BC Nurses gather for rally in Vancouver (Ashley Wadhwani/Black Press Media)

New contract would force B.C. health authorities to hire new nurses or pay millions

Contract would hit budgets of hospitals operating without full contingent of nurses

B.C. health officials will have 100 million new reasons to hire more nurses if a new contract is ratified later this month.

Under the terms of the tentative contract, which will be voted on by union members later this month, nurses would get a premium for working in understaffed units.

The union is hoping the premium will spur the hiring of new nurses because, if staffing doesn’t meet baseline levels, the extra pay could leave officials with a combined $100 million gap in their budgets.

Those and other previously unreported details were disclosed in a special issue of the BC Nurses’ Union (BCNU) in-house magazine sent out to members. The BCNU declined to comment about the proposed contract, saying they would prefer to communicate directly with members.

The premium could be particularly relevant to nurses at hospitals like Abbotsford Regional Hospital, where Fraser Health spent more than $1 million in the 2017/18 fiscal year to fly in out-of-region nurses to adequately staff the emergency room. Although the hospital neared its full contingent of staffing last March, overtime rates at the hospital remain well above Fraser Health’s target. About five per cent of all hours paid to ARH staff between April and July of last year were overtime – one of the highest rates in the region. There are also 22 current job postings for nursing positions at ARH, with most being for casual, on-call employment.

The proposed contract would mean that, on short-staffed units, each nurse working would receive up to $5/hour extra. (Those working on larger units would receive a $3/hour premium.) The cost would be a significant incentive to hire more staff, the union’s magazine says: “Managers will not have money in their budgets to pay nurses this premium, creating a powerful incentive to staff appropriately in order to avoid shouldering the cost.”

The union magazine says “safe staffing” is the top priority for nurses and that the proposed agreement creates “a new direct patient care staffing assessment process.” The premium, the magazine says, will add a financial incentive to the equation.

The premium won’t kick in right away, though. Health authorities will have until April 1, 2020, to hire enough nurses to meet the baseline staffing requirements.

The contract also includes annual wage increases of two per cent over the next three years.

The nurses’ current contract is set to expire at the end of March.

In addition to nurses working in hospitals, the contract will also cover those employed in public health, home support and mental health facilities.

This story has been updated to reflect that nurses would receive a $5/hour premium on small units and a $3/hour premium on larger units. It originally incorrectly stated nurses would receive an $8/hour premium for larger units and a $3/hour premium on smaller units.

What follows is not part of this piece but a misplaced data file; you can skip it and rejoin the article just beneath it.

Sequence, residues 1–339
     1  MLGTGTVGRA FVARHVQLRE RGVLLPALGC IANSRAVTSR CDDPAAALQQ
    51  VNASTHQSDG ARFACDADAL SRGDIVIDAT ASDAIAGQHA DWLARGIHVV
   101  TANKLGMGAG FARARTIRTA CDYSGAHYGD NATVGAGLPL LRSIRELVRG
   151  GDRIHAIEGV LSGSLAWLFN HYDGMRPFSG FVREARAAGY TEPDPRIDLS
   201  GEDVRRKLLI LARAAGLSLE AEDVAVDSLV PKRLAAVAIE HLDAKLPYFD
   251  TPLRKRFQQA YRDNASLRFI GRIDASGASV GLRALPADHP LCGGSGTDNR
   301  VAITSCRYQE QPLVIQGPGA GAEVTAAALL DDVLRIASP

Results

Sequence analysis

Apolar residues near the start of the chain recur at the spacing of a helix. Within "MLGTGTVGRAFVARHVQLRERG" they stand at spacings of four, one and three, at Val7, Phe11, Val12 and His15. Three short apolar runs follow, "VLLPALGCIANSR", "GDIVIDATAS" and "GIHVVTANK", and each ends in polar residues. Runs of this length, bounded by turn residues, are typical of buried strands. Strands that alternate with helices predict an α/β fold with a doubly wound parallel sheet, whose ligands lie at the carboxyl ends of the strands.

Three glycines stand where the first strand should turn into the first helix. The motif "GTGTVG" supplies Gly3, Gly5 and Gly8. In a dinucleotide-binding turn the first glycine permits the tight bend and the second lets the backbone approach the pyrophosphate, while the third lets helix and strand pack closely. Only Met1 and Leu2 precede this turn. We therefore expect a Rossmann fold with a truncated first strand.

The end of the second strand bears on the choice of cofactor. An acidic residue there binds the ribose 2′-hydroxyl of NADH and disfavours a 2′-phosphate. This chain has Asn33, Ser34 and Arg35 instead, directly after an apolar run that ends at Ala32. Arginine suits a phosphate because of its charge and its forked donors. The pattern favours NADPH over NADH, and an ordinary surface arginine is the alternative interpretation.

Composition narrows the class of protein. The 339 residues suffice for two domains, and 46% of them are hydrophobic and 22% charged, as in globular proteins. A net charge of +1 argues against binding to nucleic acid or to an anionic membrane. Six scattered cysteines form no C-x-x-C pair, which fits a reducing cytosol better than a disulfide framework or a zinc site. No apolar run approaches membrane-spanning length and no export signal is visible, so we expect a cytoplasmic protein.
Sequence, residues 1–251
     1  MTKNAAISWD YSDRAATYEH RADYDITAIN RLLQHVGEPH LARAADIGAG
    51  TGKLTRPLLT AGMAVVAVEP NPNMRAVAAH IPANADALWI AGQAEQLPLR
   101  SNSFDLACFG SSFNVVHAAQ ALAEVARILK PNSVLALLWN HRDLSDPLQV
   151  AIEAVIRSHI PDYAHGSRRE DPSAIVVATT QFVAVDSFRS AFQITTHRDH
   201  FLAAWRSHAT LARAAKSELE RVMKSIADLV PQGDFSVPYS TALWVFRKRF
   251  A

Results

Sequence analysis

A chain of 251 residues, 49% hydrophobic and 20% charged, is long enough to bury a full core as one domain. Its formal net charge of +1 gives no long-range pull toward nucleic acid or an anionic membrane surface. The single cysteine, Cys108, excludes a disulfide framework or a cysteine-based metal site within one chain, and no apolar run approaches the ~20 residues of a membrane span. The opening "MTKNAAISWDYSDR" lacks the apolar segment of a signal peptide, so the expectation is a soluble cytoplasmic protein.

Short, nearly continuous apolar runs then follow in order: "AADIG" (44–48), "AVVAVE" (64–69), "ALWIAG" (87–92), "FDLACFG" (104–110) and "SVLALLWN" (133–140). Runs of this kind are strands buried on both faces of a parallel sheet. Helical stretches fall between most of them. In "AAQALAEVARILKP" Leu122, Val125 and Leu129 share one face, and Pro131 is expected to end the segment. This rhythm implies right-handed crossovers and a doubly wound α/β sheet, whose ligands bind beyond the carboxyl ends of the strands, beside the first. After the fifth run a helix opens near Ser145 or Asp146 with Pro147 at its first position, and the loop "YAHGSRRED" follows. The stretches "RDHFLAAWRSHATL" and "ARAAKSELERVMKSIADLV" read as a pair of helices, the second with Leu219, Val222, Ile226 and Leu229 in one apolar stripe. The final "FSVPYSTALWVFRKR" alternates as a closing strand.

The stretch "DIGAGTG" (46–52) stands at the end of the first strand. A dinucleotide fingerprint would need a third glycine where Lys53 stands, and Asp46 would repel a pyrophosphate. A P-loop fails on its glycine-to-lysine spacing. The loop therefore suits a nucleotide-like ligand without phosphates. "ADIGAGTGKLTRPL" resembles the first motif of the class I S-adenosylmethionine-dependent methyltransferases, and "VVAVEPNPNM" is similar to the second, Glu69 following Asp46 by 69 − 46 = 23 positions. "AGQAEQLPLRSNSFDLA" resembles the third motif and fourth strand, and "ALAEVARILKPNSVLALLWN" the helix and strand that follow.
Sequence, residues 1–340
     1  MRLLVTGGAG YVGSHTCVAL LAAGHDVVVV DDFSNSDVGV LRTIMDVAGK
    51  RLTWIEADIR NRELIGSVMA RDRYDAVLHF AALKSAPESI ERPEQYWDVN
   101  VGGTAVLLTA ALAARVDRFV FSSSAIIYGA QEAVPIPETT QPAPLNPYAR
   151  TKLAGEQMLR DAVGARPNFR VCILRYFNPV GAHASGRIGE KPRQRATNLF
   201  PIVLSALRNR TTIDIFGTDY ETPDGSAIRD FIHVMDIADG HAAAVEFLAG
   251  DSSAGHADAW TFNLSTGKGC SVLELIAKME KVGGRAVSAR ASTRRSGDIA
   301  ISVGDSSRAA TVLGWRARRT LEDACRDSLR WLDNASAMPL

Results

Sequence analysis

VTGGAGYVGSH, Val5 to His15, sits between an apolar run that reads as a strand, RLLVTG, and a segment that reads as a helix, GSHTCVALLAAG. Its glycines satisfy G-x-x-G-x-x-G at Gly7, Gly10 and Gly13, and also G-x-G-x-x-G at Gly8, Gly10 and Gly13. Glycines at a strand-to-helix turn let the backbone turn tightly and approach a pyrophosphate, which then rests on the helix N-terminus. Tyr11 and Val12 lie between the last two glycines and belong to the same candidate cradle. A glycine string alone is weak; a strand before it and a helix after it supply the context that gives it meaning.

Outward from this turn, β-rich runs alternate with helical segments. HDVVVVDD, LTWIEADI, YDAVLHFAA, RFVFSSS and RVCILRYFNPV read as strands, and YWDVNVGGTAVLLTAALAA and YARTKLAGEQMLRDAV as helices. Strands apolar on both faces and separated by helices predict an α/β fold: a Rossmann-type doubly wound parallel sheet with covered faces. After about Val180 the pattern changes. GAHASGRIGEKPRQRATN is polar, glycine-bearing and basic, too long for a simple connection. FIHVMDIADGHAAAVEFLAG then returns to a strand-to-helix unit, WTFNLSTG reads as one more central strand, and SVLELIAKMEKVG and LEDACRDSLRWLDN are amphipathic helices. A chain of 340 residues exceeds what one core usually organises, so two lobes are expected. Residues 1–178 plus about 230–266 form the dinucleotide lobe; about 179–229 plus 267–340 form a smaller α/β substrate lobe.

RELATED: ARH ER nurse vacancies filled after more than $1 million spent on out-of-town workers

RELATED: Tentative deal reached for 44,000 nurses across B.C.

LETTER: ER at Abbotsford Regional Hospital bursting at the seams


@ty_olsen
tolsen@abbynews.com

Like us on Facebook and follow us on Twitter.

Just Posted

Graduation rates drop in Coast Mountains School District

Lower student cohorts, increase in Evergreen certificates pointed as possible causes

Cheng² Duo perform in Terrace with 17th-century cello

Siblings bring classical music to R.E.M. Lee Theatre

Kid-friendly ski day at Shames

There were 175 children who skied and took lessons for free at the Port of Prince Rupert event

NARA holds open adoption event

Six cats and two dogs were rehomed

‘Avalanche Awareness Days’ emphasize backcountry safety at Shames

The Skeena Bar and Shames Mountain Co-op both holding events this weekend

New Canada Food Guide nixes portion sizes, promotes plant-based proteins

Guide no longer lists milk and dairy products as a distinct food group

Suspended B.C. legislature officers accused of ‘flagrant overspending’

Personal trips, purchases, alcohol and more laid out in 76-page report by Plecas

Alberta youth charged over theft of $17,000 in snow equipment at B.C. ski resort

Alberta RCMP recovered $17,000 in skis/snowboards believed stolen from Fernie Alpine Resort Saturday

China demands U.S. drop Huawei extradition request with Canada

Hua said China demands that the U.S. withdraw the arrest warrant against Meng Wanzhou

Giant ice disk equipped with webcam after surviving storm

Westbrook official Tina Radel says the livestream was requested by Brown University

Ousted B.C. legislature officials say report released to further blacken their reputations

James and Lenz say release was ‘Contrary to all principles of fairness and decent treatment’

B.C. animators land Oscar nominations

‘Animal Behaviour’ by Vancouver’s David Fine and Alison Snowden among several Canadians on the short list

B.C. legislature managers accused of excessive travel, personal expense claims

Clerk Craig James, security chief Gary Lenz call allegations ‘completely false’

Auto shop apologizes after B.C. employees disrespect memorial convoy

Mr. Lube staff members suspended after incident Sunday in Nanaimo

Most Read